Headlines 2017

IFN researchers in Ekonomisk Debatt


In the latest issue of Ekonomisk Debatt (published by Nationalekonomiska Föreningen; the Swedish Economic Association), Andreas Bergh, IFN, writes about three books by Roland Paulsen, all concerned with working life. In addition, Johanna Rickne, Stockholm University, and affiliated with IFN, is one of the authors of an article on "meritocratic government". Niclas Berggren, IFN and Editor of Ekonomisk Debatt, writes in an editorial piece about the global "elite" which is increasingly criticized for pursuing a policy that has provoked populism.

Andreas Bergh explains that there are obvious flaws in Roland Paulsen's writing. The books give an inadequate picture of society and its development, and it is "not substantiated by quantitative empiricism that describes how society at large has developed". Bergh concludes with the words: "Despite all the criticisms of Paulsen's texts, it is worth emphasizing that he basically has a completely correct and uncontroversial message:  As we all grow richer we want to have more leisure time. If this creates problems for the social systems we have built, it is primarily the systems that should change – not the individuals. "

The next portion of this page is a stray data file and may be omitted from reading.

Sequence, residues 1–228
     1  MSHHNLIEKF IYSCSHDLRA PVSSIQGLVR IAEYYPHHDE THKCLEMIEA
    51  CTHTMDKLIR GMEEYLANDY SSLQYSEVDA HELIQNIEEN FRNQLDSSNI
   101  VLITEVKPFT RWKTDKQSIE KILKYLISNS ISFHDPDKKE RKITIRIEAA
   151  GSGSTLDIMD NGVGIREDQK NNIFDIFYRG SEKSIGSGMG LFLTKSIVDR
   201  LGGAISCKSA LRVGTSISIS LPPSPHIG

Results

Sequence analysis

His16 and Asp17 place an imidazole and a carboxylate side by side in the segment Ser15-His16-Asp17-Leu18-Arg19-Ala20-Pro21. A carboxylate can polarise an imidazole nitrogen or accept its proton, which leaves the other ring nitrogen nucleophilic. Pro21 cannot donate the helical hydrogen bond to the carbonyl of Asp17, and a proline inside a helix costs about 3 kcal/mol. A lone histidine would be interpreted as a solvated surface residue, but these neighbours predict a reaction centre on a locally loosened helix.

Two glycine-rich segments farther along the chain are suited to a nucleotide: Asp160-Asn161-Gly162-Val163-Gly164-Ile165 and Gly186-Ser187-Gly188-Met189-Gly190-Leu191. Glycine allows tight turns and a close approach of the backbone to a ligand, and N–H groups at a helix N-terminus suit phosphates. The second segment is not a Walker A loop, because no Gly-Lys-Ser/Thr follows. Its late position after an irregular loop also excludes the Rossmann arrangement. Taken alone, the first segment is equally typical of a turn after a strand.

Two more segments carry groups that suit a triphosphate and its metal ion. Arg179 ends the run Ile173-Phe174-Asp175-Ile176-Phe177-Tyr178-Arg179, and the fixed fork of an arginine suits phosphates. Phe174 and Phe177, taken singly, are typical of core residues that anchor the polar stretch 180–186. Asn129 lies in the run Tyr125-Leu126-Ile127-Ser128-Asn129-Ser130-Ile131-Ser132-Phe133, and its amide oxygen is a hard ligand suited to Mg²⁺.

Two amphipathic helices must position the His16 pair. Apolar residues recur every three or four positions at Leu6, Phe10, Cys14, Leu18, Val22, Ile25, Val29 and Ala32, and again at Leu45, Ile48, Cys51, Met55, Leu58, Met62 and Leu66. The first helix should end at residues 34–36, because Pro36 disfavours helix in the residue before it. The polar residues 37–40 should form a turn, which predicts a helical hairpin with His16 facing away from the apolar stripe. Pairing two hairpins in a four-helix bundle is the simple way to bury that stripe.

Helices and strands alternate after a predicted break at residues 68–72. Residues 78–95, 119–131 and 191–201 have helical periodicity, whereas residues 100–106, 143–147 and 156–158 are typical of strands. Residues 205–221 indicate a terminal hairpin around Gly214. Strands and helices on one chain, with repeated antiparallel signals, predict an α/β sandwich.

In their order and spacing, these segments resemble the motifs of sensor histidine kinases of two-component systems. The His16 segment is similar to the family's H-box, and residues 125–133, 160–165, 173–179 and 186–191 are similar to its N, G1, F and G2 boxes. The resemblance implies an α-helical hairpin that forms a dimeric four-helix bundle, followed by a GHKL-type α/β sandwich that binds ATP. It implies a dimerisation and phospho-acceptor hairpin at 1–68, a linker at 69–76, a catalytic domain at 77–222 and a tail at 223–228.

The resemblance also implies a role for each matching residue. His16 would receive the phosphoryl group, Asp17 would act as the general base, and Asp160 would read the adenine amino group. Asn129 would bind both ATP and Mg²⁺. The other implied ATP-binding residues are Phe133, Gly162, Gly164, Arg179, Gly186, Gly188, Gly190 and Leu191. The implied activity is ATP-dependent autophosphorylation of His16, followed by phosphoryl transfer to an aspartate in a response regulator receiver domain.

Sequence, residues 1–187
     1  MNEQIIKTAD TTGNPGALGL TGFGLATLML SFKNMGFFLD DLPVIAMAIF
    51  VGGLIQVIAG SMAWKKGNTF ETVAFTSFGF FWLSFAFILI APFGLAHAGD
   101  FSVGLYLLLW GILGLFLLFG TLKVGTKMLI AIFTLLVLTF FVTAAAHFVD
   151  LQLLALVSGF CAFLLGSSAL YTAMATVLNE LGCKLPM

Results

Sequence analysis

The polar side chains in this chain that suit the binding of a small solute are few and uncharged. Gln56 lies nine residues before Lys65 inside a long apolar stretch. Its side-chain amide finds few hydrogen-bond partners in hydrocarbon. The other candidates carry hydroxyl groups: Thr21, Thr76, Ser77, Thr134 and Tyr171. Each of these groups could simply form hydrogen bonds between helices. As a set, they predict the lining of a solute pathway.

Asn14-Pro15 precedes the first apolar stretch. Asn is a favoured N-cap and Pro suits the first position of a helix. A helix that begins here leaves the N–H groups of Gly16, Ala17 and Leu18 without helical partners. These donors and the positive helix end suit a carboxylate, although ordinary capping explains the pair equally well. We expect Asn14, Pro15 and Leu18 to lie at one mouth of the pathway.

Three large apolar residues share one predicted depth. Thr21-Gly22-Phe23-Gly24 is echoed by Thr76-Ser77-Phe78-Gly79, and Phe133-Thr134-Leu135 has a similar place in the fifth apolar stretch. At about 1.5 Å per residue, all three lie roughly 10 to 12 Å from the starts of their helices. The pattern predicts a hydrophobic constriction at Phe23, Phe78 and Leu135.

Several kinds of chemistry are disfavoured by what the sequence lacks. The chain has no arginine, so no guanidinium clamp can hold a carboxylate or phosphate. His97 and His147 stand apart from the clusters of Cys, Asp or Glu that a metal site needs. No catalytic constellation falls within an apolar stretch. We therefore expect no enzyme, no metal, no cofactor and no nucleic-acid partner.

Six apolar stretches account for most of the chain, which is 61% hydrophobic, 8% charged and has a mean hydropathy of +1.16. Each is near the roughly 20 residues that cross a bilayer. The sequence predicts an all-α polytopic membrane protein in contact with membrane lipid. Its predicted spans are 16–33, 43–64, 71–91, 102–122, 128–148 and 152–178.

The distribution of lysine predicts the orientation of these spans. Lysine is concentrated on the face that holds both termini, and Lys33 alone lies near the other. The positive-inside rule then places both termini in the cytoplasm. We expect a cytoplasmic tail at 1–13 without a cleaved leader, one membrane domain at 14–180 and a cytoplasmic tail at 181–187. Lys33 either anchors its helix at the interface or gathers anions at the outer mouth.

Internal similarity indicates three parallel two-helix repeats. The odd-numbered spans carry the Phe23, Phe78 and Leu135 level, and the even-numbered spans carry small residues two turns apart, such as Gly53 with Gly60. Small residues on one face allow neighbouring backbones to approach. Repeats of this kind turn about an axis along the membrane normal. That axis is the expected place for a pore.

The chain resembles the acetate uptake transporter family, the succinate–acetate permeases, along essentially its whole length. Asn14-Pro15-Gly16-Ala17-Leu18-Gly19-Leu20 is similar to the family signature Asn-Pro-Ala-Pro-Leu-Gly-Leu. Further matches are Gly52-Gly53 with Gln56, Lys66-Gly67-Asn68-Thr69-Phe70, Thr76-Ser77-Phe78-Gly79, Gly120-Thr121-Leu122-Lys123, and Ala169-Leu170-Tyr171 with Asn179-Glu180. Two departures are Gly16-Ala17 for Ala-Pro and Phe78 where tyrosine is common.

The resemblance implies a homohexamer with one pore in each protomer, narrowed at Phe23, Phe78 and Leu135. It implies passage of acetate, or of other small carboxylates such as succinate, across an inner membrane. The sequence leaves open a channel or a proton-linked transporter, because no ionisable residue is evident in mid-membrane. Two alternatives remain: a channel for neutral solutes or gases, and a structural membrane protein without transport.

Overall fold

Johanna Rickne and several researchers write in an article in Ekonomisk Debatt that Swedish politicians are more competent than the population in general. “At the same time, the class background of politicians is a close reflection of the structure of the population. We call this successful combination of meritocracy and social representation a meritocratic people's government."

The researchers explain that in the general population, upper classes have on average higher skills. But this does not apply to politicians. Politicians from lower social classes have the same average skills as those from higher classes. The researchers write that "the parties make an important effort to provide skilled individuals from different social classes to higher assignments." Another explanation, according to the researchers, might be that politician’s wages do not vary, while the pay differs a lot in the private labor market. "A poorly paid worker can therefore get a higher return on a political career than the outside politics-option, thus creating a wider range of politicians that initially had lower paying jobs. This sharpens the competition for political positions and improves the final recruitment.

Research Institute of Industrial Economics, Grevgatan 34 - 2 fl, Box 55665, SE-102 15 Stockholm, Sweden | Phone: +46-(0)8-665 45 00 | info@ifn.se